11.3.2. The RMI Registry
To access a remote object that exists on the server, the client needs a local stub object. How can the client request such a stub? The most common method is to call a remote method of another remote object and get a stub object as a return value. There is, however, a chicken-and-egg problem here: The first remote object has to be located some other way. For that purpose, the JDK provides a bootstrap registry service.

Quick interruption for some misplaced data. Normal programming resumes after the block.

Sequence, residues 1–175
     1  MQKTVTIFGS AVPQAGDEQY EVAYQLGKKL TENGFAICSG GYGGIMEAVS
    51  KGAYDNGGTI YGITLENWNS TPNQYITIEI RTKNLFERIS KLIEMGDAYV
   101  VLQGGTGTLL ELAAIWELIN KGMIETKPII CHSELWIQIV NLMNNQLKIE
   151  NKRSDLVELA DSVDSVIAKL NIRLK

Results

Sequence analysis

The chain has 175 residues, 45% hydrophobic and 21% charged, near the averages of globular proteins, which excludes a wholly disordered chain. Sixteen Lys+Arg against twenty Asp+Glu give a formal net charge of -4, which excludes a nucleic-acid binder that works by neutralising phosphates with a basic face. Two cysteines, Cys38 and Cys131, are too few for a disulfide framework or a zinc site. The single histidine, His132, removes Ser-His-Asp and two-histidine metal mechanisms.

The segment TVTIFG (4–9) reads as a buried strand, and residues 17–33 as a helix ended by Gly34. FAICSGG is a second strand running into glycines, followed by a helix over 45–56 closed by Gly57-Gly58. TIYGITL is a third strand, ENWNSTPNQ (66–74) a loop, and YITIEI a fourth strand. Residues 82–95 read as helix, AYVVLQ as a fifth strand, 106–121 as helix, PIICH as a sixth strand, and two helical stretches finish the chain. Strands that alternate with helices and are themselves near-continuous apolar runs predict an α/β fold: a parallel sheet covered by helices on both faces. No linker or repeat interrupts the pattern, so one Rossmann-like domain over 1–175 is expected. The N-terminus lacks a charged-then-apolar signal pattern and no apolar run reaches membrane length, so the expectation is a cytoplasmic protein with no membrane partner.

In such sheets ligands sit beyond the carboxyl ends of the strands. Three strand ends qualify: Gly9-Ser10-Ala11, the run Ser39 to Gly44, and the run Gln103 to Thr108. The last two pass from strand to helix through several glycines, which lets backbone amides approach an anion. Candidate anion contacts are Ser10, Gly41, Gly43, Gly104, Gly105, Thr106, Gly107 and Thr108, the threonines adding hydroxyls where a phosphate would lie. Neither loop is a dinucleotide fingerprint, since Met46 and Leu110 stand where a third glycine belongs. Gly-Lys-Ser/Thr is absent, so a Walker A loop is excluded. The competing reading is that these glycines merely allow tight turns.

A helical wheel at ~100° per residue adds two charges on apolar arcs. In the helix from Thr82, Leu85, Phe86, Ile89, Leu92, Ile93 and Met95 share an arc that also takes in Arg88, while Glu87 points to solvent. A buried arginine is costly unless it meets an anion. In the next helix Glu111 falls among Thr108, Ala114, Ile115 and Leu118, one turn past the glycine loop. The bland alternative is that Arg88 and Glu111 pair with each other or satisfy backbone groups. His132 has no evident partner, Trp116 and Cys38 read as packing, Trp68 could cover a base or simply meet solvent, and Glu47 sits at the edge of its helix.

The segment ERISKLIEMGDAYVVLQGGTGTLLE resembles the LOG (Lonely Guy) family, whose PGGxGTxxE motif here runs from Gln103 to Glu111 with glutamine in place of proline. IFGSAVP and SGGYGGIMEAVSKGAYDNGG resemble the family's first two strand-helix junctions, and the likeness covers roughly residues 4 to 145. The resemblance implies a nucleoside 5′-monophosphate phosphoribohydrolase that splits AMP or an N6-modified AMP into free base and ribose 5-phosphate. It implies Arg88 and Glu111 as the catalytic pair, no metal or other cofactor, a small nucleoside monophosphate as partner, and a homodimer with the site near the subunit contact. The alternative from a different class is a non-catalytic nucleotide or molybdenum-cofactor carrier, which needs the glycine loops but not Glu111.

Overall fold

A server program registers at least one remote object with a bootstrap registry. To register a remote object, you need a RMI URL and a reference to the implementation object.
RMI URLs start with
rmi: and contain an optional host name, an optional port number, and the name of the remote object that is (hopefully) ...